The jetpack used to be an option. Can you imagine playing Evolve and NOT having a jetpack? It was so fun, and so effective to jetpack around as a Hunter that we had to make crazy OP gear to try to compete with it. Everyone took the jetpack and we felt like the Evolve experience was better with it, so eventually we made it standard equipment.
A couple concepts for Griffin’s Sound Spike. We chose the one on the left and it hasn’t really changed. It proved immediately successful in the battlefield.
Originally we thought a concussion weapon that would knock the monster down would be cool. Turns out, being able to bulldoze the monster makes him not feel like a monster. Getting knocked down was a low point of the monster experience so we did away with the idea. Sometimes you have to take a step back and remember what you’re making. In a monster game, the monster should be the one doing the knocking around.
Flame Thrower concepts. As cool as these were, I sure like it being part of Hyde’s glove.
We concepted lots of different types of hand grenades. Yes, Bait grenades were supposed to make wildlife go agro on the monster but you know what? He didn’t care! “Come to me food!”
Heavy machine guns. This is the birth place of Hyde’s Minigun and Hank’s Laser Cutter.
We built these directional land mines. They were the predecessor to Markov’s Arc Mines. You could deploy up to five, and trigger them to detonate with the clicker. When detonated, they would send a blast a specific direction. Turns out, that’s really over complicated (simplicity, I have learned, is key to good design) and hard to use. You’d set up some mines and the monster would come from the other direction, so the first thing to go was the directional blast. Triggering them was also frustrating. Sometimes you only wanted to blow up one. Sometimes you wanted to trigger them all. There was no way to choose. Making them trigger automatically made sure they were always effective when they went off. Now all the player need to do was focus on good placement.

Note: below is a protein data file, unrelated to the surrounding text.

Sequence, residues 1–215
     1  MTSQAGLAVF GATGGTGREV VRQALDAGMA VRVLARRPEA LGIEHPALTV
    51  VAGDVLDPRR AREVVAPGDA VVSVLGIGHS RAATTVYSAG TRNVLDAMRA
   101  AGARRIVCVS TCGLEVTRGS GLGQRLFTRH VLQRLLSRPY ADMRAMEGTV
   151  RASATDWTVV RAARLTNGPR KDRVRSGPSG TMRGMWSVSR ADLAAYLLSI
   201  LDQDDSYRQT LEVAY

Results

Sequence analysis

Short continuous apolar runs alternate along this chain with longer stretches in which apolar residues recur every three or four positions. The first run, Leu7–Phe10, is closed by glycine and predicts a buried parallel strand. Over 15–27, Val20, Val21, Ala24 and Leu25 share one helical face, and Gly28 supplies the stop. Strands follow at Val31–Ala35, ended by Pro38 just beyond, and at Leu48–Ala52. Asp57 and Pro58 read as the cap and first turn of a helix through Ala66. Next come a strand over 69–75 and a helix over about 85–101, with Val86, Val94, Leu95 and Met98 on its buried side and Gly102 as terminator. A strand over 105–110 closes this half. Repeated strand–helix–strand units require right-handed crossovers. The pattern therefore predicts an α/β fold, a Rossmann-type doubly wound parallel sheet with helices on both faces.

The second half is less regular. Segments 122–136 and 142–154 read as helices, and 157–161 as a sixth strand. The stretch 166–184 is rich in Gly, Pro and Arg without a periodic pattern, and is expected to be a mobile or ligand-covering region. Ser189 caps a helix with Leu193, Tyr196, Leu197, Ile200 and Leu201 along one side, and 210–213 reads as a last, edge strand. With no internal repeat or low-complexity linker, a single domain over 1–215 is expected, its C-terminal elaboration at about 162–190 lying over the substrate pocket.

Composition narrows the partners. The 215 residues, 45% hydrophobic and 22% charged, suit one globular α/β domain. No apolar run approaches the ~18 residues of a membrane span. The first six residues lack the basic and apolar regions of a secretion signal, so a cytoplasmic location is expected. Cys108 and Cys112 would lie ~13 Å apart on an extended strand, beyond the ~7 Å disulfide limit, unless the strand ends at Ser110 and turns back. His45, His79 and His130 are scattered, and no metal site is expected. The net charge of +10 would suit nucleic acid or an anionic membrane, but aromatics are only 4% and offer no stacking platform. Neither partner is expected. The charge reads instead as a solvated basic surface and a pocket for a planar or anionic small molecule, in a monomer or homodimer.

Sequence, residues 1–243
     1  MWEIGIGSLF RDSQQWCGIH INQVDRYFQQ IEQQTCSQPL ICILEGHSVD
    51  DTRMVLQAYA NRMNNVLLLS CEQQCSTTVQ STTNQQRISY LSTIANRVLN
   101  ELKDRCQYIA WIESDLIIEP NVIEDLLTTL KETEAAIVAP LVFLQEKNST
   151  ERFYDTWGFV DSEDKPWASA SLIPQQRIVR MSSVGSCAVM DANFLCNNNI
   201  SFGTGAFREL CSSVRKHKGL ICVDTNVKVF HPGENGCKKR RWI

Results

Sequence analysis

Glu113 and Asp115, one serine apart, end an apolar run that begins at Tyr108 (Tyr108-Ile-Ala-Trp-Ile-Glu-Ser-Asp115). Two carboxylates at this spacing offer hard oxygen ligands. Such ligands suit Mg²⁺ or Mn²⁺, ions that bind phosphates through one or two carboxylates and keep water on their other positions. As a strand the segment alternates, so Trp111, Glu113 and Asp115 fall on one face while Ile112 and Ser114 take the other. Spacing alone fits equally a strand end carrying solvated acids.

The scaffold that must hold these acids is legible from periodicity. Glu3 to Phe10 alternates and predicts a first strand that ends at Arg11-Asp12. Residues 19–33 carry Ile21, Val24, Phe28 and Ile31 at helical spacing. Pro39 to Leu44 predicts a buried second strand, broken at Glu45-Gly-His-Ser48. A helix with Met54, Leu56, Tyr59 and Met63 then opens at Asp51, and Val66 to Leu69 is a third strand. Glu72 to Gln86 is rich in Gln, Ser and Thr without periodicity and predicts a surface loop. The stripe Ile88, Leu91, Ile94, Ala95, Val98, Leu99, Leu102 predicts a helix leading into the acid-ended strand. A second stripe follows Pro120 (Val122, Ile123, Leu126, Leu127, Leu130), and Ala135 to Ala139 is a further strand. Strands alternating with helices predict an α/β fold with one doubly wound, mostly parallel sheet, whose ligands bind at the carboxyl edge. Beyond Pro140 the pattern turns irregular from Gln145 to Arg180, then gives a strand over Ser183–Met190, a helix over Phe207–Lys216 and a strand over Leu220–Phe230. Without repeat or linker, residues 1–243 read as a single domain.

If you remember, we were looking to have visual changes apply to the monster when they chose different abilities. This was cool, but ultimately it presented a ton of problems. Aside from the massive amount of extra work it created, we had to find a location for each monster ability. Scorpid’s claws were heavily used, but he only has two. So now we had to put restrictions on players and limit them to only two claw based abilities at any given time. And we needed both left and right versions of each of these claws because we never knew what combination of claws the player might like. We built the system, but it was complicated, costly and confusing for players to use. And as a Hunter, you simply didn’t notice the model changes.
For Charge Attack, we gave Scorpid a new head piece.
For Spore Cloud, we attached a new tail piece.
And here are some of the claw based models. Poison claw on the top. Grabber claw in the middle. And concussion blast on the bottom.
And since people seem to really love the wildlife concepts, here are some desert wildlife concepts.